Crabs, bats and communists, in Cuba's greatest Soviet souvenir.
Over the past ten years, I have spent an awful lot of time in Bulgaria. So perhaps it’s not surprising that I have more photos of abandoned places in Bulgaria than I know what to do with.
There are various reasons why Bulgaria has more abandoned buildings than almost any other country I’ve visited. The declining population is partly responsible – back in 1989 the population of Bulgaria was over 9 million people. Now it’s 7.1 million, and according to the National Statistical Institute of Bulgaria it’s due to drop beneath 6 million by 2045.
These figures account for the ghost towns, the empty houses and crumbling villages that lie scattered here and there through the mountains and plains. But it isn’t only homes that stand in ruin.
When the Bulgarian communist regime came to a halt in 1989, it signalled a massive, nationwide shift in power. Construction projects were frozen overnight, while state facilities such as factories, schools, power plants and prisons were suddenly found to be surplus to requirement. (And that’s not to mention the monuments left behind by the Bulgarian Communist Party, a subject I’ve written much about elsewhere.)
In the past I’ve featured a number of abandoned places in Bulgaria (you’ll find some of them here), and in this post, I’d like to introduce you to four more.
Abandoned Cinema #1
Down on the Bulgarian Black Sea coast, a string of resort towns stretch all the way from Romania to Turkey. From celebrated shitholes like Sunny Beach, to more rustic getaways and historic maritime towns – it can sometimes look like an endless seawall of hotels, bars and pools. And in between them, occasionally, perhaps an abandoned cinema or two.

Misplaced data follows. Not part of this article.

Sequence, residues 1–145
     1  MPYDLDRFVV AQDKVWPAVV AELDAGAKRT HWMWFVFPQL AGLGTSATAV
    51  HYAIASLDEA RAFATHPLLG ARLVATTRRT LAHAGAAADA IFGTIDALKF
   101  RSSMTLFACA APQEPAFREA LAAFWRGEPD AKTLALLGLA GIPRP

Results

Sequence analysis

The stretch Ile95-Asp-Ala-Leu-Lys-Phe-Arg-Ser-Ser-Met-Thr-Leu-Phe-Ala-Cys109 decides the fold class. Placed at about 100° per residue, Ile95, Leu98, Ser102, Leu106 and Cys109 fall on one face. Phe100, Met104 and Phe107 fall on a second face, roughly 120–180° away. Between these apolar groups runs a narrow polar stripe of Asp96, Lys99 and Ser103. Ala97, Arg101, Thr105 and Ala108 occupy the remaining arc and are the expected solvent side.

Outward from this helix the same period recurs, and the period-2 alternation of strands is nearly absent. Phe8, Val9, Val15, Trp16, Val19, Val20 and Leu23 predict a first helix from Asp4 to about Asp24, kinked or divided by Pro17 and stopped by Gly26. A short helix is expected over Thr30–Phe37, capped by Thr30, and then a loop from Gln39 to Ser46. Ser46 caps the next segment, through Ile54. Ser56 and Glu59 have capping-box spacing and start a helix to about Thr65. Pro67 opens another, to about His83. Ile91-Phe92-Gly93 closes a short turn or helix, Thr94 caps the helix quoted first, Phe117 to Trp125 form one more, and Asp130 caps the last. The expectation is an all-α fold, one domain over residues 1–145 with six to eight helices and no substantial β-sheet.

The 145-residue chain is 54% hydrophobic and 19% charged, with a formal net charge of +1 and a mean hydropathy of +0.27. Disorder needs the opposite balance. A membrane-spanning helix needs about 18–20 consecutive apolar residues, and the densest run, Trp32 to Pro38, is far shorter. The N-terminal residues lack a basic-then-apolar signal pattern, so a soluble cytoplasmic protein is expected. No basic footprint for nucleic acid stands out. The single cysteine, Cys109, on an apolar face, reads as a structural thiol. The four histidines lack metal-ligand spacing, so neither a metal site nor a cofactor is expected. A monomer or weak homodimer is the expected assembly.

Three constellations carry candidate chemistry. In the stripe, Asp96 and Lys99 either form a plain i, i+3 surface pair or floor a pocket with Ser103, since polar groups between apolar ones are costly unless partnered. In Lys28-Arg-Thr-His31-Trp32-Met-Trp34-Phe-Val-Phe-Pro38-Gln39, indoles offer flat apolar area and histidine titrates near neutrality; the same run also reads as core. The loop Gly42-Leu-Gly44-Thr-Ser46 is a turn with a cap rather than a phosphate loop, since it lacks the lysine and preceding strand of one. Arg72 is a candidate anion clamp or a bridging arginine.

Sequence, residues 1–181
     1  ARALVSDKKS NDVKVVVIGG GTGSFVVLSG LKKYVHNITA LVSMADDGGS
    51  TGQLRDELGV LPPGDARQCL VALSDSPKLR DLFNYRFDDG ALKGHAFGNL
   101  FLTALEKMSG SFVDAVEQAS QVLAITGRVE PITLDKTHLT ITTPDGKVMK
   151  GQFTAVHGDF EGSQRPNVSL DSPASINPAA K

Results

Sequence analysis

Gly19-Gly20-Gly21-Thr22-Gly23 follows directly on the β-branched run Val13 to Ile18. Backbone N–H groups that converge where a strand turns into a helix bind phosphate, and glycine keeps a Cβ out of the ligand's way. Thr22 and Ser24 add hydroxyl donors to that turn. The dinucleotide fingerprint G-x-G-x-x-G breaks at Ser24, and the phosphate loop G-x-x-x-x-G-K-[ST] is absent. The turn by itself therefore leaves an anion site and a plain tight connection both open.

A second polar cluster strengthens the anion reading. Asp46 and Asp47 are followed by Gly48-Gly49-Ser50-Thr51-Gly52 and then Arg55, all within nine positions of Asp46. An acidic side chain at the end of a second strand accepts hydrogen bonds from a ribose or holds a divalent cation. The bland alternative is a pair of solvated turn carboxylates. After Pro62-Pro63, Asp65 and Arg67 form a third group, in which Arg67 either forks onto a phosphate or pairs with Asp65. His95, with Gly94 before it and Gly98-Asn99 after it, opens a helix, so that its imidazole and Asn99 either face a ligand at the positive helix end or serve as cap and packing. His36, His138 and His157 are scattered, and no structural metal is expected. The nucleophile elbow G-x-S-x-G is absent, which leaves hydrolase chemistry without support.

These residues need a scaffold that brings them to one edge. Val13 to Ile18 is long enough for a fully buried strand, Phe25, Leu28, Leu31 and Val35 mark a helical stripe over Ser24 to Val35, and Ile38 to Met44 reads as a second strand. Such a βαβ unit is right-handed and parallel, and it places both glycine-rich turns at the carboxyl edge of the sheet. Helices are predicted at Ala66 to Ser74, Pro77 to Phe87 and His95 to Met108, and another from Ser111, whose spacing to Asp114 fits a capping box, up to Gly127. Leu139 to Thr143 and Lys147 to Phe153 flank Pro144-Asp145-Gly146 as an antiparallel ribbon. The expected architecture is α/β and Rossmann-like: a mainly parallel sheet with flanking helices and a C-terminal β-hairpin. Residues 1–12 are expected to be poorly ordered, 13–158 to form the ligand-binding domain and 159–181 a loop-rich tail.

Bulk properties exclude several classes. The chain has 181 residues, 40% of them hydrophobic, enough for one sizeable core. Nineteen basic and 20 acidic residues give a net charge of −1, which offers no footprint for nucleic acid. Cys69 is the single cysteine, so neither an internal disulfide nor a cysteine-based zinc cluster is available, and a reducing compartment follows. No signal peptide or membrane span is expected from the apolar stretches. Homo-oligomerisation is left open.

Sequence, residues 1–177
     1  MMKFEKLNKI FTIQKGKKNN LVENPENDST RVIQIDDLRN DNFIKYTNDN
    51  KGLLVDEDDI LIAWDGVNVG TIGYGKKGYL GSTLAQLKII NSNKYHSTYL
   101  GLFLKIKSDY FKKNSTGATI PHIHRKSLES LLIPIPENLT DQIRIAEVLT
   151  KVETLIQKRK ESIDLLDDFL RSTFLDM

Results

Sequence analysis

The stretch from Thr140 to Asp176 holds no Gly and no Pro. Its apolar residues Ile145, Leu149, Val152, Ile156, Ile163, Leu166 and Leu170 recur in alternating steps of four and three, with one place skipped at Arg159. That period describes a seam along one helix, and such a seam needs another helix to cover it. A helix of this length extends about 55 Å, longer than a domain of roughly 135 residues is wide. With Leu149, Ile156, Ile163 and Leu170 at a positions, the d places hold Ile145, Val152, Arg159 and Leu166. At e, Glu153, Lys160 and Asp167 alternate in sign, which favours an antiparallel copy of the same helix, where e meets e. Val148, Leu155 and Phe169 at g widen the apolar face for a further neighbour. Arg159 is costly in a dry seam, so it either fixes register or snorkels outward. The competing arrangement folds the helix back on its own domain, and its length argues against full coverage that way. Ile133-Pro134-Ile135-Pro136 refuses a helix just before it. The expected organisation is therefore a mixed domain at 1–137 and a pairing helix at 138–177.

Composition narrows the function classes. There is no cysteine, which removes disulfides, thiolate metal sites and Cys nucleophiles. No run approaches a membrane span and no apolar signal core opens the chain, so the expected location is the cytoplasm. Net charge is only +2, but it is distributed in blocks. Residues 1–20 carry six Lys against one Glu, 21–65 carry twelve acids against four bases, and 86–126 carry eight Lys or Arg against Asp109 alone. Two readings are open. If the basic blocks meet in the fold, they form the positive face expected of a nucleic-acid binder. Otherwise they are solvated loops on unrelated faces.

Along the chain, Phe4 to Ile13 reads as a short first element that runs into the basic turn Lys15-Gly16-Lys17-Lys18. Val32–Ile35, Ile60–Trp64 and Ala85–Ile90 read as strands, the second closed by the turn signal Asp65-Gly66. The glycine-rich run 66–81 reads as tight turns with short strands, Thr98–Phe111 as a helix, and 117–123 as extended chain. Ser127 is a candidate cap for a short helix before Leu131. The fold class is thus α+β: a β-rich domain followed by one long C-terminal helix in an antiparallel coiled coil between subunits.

In the heart of this small resort town, the outdoor cinema has been out of use for a while now. I spoke to people who remembered it – someone told me how they’d watched Jurassic Park there, while seagulls wheeled and screamed in the sky above.
I don’t know why it closed. The collapse of communism can’t be blamed for this one, evidently. Maybe it just wasn’t selling enough tickets. For whatever reason though, the gates were locked shut some time in the 90s – and the plastic seats are cracking now, the wooden benches splintering under the onset of hungry creepers.
Abandoned Cinema #2
Another day, another abandoned cinema – but this was one of the indoors variety, and I found it at the far end of the country. Well, I didn’t find it so much as I was shown the way. I had been on one of my monument-hunting missions, and got talking to an old man in the town about the local WWII memorial.
“Why do you care about this thing, anyway?” he asked me. “It’s not that interesting. Just old war stuff.” Then he gestured back up the street, to where a dirty angular shell poked out above a line of bushes.
“Have a look at this instead,” he said.
“How do you like our town cinema?” the old man asked me. “It burned down 15 years ago now, and never got fixed. There’s been nothing good to do around here since.”
The man said something else about the state of the town, the government, the bad economy and so on, then he turned and left me. I heard him muttering complaints to himself as he plodded on down the road – and after he was gone I followed his advice, stepping inside the ticket hall of the burned-out cinema.